Not unexpectedly, the opposition jumped straight on the headline cut in the higher rate of income tax suggesting that this was unfair and had been enacted for the benefit of the Chancellor’s Christmas card list. I remember thinking at the time, had they really listened to the same budget speech the rest of us had? With selective hearing, they proceeded to ‘spin’ the message for their own purposes. They also, conveniently, forget to congratulate the Chancellor on taking many more people out of tax altogether with the further large increases he announced in the personal tax free limits.
Independent research shows that the 50% rate of income tax, a time bomb legacy from the final days of the Gordon Brown administration, collects no more tax for the treasury than if it had been set at 45% (which was Alistair Darling’s original intention when it was introduced). Indeed, let’s not forget that this is an additional level of higher tax in addition to the upper level tax of previous generations. How can this be fair? I hear the well-worn phrase, “Those with the broadest shoulders should carry more of the burden”, far too often these days – what about being equitable? If everyone paid the same flat rate of income tax, say 25% on every pound of income earnt, we would all be paying our ‘fair’ share, and those with the broadest shoulders would still be contributing considerably more into the coffers!
From a business perspective, with a tax rate the fourth highest in the G20, the 50p tax rate had to be tackled to show the world that the UK is a great place to invest and would be a fair regime for your executives to work from. Reducing this headline rate to 45p does this, although there is still the case for removing this very top rate banding altogether (or at least increasing the threshold to start paying the 45p to £250,000 – earning £150,000 pa does not make you a Millionaire). And in conjunction with the further reduction in Corporation Tax rates for large businesses (with the aim of bringing the CT rate down to 20%), it is a very powerful message to global business – and no surprise that GSK have already subsequently announced a £500m investment in its first UK facility build for 40 years.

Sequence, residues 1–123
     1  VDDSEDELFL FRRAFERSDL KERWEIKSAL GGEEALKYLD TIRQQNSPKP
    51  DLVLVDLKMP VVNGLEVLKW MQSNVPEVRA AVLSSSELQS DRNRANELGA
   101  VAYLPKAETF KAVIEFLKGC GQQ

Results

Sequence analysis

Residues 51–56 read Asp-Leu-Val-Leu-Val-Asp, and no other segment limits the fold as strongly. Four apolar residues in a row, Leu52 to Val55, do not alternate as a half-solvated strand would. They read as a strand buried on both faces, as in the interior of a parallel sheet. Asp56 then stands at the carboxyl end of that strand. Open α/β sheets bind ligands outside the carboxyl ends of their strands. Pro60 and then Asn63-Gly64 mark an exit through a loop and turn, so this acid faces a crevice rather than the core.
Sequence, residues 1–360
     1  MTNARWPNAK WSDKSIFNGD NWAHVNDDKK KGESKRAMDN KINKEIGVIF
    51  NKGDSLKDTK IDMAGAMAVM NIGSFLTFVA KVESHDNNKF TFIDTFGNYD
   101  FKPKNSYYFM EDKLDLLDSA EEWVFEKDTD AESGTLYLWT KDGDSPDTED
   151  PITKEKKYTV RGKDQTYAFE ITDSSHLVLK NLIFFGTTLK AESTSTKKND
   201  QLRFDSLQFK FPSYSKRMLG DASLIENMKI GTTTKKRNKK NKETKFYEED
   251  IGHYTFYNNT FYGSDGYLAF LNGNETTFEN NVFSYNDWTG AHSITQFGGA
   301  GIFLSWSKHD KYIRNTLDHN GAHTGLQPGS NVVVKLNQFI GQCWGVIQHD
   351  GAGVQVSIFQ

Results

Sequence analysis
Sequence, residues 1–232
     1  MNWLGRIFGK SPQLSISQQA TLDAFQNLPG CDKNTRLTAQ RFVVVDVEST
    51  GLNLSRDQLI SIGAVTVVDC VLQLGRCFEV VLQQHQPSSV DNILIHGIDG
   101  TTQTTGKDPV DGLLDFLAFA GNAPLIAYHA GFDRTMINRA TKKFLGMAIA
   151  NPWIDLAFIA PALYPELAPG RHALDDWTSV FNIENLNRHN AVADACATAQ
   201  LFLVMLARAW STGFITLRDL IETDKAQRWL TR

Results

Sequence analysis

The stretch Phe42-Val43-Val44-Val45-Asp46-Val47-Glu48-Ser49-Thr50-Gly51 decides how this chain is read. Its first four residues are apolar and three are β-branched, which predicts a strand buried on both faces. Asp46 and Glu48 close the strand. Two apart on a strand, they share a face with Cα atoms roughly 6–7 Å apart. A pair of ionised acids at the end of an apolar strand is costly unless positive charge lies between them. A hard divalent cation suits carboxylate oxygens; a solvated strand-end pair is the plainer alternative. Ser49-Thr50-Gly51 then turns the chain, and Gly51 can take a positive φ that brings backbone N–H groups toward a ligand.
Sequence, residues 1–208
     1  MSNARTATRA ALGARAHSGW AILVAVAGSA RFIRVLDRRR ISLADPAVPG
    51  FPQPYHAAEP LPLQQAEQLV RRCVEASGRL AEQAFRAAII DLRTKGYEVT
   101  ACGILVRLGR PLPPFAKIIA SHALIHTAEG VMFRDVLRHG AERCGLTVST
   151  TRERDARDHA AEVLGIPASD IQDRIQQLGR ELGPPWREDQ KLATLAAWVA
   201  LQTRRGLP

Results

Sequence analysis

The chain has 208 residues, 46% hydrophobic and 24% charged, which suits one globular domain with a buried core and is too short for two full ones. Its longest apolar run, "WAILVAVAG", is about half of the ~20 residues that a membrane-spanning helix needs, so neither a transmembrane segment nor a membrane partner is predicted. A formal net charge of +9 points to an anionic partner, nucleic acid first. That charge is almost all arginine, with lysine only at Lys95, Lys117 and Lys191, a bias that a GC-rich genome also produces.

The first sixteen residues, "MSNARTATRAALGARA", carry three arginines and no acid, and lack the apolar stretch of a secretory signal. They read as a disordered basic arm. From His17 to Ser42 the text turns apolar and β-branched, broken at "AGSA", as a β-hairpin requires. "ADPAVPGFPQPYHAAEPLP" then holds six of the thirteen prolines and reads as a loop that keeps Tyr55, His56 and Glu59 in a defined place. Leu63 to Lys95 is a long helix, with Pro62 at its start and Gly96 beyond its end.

One disappointment for business, particularly the manufacturing and engineering sectors, is that there has been no continuation of previous breaks in capital allowances. Surely this is an area that needs looking at during the green shoots of a recovery in order to get companies buying capital equipment again and gearing up for growth?
As for the so called “Granny Tax”, no one has been taxed more – a freezing in the increase of pensioner’s tax free allowance to bring it into line with the rest of the country will affect no one for the next year. But when it does kick in then it is equitable – after all, why should this class of citizen be given additional tax breaks to the rest of the population? Let’s not forget that the current generation of pensioners have had the good times of bull markets, property value increases and inflationary gains. Indeed a recent report suggests that the following generations have little or no hope of ever being as well off.
The message of this budget is that the Chancellor, with very little room to manoeuvre in these difficult economic times, has done quite a lot to encourage inward investment to the UK, to make this a place to do business, and to start the process of economic growth. He should be commended.